With over 800 styles of yoga to choose from…what’s a yogini to do? And it is even more confusing for someone who is new to yoga. So with this many varieties of yoga available how do you decide what is the best yoga for you? John P. Porcari, PhD, director of the clinical exercise physiology program agh the University of Wisconsin-LaCrosse, states, “Virtually any type of yoga improves strength, flexibility, and balance. The more intense styles can also help you shape up and trim down. The type of yoga that’s best for you will depend on what your health goals are.”*
Most yoga styles also help you release tension in your body, reduce stress, quiet your mind, and help you relax. To find the best fit for you consider your fitness level, your personality, and your reasons for practicing yoga. Here are some of the more common yoga styles.

Hatha Yoga

Hatha yoga is the branch of yoga that does the physical practices, asana (the poses) and pranayama (the breathing exercises). So all the physical yoga classes are actually Hatha Yoga. But in the exercise world Hatha yoga usually refers to an eclectic class that often mixes styles. Poses are done one at a time in a relaxed pace with a focus on safety. Props like blocks or straps are frequently used to help students get into proper alignment. Hatha yoga is not just about the body, there is also an emphasis on the breath, relaxation, being in the present moment (mindfulness) and meditation. Some classes even include practices like chanting.

Hatha classes are good for:
  • Beginners
  • Seniors
  • Pregnant Women (as long as the teacher makes the  proper modifications)
  • Those with mobility issues
  • Those recovering from injuries
  • Stress Management
Names to look for:
  • Integral Yoga
  • Kripalu Yoga
  • Anusara Yoga
  • Iyengar Yoga
  • Jivamukti Yoga

Power Yoga

Power yoga is very athletic, and is a westernized form of a style of yoga called Ashtanga. It does not follow all the sequencing of Ashtanga but still includes many of its elements. Like “taking a vinyasa” which is a series of poses done very fast, one pose to the in breath, one pose to the out breath. Power yoga has a lot of strength moves is often very vigorous and fast paced. There is also an emphasis on core work. It is one of the most athletic forms of yoga and is often very challenging so if you are a beginner, I would suggest that you start with another type of yoga.

Power Yoga Classes are good for:
  • Those looking for a challenge
  • Those looking for a vigorous practice
  • Weight loss
  • Anyone looking for a faster-paced class (some of these classes even fit the requirements for aerobic fitness)
  • People who get bored easily
Names to look for:
  • Astanga Yoga
  • Vinyasa Yoga
  • Flow Yoga
  • Jivamukti Yoga

Hot Yoga

Now sometimes hot yoga just refers to doing any of the other kinds of yoga in a hot room (90 degrees or above) and then there is Bikram Yoga. This is a 90-minute class that is done in a room heated to at least 105 degrees! It consists of the exact same sequence of 26 poses and 2 breathing exercises. Each pose repeated twice and held for a about a minute. These classes are physically taxing so you should really prepare yourself by drinking a lot of water before and during the class. Don’t eat at least 3 hours before the class. I would not recommend this practice for anyone who is pregnant, a child, anyone over 65 (unless you have been practicing yoga for a while), those with medical conditions like diabetes, high blood pressure, or heart disease. Also if you have low blood pressure and are prone to dizzy spells this class is not for you. Also the regular teacher cues in Bikram classes are very pushy, don’t listen, only move your body to where you feel comfortable.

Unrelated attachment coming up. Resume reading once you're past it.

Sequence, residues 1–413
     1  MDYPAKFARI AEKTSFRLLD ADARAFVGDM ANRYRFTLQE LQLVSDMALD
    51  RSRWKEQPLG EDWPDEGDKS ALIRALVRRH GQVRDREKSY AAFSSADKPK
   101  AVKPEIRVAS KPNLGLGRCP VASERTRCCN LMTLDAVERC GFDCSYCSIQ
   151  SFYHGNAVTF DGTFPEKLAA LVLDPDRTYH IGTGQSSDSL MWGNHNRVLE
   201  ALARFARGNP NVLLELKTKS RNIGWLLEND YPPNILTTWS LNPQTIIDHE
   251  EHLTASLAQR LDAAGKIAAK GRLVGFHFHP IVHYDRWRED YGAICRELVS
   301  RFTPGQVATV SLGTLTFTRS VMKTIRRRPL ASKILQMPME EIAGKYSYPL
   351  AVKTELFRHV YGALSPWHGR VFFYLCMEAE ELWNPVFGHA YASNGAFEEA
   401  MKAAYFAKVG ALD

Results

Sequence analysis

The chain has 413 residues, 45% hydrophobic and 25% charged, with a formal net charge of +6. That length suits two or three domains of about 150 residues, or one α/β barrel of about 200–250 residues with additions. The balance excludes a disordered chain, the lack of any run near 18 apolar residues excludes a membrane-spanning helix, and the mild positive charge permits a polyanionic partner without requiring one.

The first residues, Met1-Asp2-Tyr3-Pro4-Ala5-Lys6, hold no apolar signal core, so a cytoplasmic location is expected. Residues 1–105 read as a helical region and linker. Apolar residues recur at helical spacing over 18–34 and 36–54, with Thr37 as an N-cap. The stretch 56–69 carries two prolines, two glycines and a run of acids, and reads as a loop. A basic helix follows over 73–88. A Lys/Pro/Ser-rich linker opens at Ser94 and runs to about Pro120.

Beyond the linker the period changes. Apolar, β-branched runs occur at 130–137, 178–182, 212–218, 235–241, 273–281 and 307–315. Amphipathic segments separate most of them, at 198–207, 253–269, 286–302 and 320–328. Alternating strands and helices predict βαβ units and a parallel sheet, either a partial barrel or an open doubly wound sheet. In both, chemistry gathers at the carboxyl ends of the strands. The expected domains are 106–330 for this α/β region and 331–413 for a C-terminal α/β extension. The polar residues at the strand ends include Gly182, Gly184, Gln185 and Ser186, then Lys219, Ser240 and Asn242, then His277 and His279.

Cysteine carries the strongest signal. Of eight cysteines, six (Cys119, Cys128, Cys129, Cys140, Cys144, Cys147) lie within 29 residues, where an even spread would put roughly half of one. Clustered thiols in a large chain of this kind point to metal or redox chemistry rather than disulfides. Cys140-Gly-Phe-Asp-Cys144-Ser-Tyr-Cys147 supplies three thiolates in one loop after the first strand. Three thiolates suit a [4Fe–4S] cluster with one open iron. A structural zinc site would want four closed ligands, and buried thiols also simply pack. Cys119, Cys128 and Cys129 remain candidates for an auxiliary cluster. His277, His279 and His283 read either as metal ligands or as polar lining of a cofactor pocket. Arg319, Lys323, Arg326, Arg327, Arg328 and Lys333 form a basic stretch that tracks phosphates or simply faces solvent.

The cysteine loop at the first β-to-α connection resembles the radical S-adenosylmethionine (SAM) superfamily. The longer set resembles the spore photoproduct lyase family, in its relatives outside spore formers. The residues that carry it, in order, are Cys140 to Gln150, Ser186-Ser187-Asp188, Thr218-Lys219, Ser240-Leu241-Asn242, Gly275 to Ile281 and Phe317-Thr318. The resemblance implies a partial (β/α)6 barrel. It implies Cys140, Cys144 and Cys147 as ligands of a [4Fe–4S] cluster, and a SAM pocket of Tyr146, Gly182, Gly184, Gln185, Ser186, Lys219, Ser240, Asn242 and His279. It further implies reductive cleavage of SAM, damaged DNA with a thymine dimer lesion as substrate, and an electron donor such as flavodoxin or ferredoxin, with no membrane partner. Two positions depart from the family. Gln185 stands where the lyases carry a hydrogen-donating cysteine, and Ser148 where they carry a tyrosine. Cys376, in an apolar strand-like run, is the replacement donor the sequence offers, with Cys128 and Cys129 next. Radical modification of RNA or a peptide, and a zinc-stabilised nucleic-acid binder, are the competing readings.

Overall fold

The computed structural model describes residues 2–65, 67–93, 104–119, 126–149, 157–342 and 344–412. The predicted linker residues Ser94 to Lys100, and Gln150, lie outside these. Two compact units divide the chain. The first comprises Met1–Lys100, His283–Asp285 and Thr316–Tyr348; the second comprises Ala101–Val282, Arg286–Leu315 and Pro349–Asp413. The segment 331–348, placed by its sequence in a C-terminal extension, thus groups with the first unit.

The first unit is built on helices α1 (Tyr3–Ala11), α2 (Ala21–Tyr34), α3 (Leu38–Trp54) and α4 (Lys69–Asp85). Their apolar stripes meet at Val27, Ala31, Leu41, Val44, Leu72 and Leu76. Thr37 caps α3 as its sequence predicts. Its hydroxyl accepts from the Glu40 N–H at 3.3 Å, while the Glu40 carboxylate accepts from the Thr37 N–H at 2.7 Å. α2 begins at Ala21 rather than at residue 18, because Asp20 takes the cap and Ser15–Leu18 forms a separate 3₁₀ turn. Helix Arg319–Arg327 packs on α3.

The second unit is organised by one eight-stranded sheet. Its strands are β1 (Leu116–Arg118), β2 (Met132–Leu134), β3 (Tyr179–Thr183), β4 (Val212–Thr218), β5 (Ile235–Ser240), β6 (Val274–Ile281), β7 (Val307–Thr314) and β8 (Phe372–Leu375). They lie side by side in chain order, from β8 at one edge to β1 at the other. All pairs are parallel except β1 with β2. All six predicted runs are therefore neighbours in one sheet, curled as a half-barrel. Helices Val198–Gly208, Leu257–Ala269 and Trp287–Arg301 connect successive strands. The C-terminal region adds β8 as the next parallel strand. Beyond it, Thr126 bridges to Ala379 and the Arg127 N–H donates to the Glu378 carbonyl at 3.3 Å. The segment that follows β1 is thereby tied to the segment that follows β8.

Hot Yoga Classes are good for:
  • Those who like competition (Bikram Yoga enjoys viewing yoga as a sport)
  • Those who like a challenge
  • Those who want a rigorous practice
  • Weight loss
  • Those who like consistency (In a true Bikram Yoga class all the poses are practiced in the same order and timing in every class)
Names to look for:
  • Bikram Yoga
  • Hot Vinyasa
  • Moksha Yoga
  • Modo Yoga
  • Baptist Power Vinyasa

Gentle or Restorative Yoga

This type of yoga is extremely gentle and relaxing. You move into each pose slowly, most poses are done seated or lying down. Pillows, blocks and boosters are used to make each pose more comfortable. Often these gentle poses are held longer (5 minutes or more) and the focus is on the breath, body awareness, and relaxation. Restorative yoga is particularly good at activating the part of your nervous system that helps you bounce back from pain and stress. I call this yoga “nap time for adults” because it feels so good, but if you are expecting exercise…this is not for you.

Gentle or Restorative Yoga is good for:
  • Those with mobility issues
  • Those recovering from and injury
  • Stress Management
  • Those who want to focus on flexibility
  • Beginners
  • Seniors
Names to look for:
  • Yin Yoga
  • Viniyoga
  • Sivananda Yoga
  • Iyengar Restorative Yoga

I also found the chart (pictured above) on the Huffington Post that can also help you decide. So I hope this helps and you find the perfect yoga class for you! Let me know how it goes in the comments below.

find your yoga

Chart originally on Yoga Trail: http://www.yogatrail.com/blog/whats-your-yoga-style/

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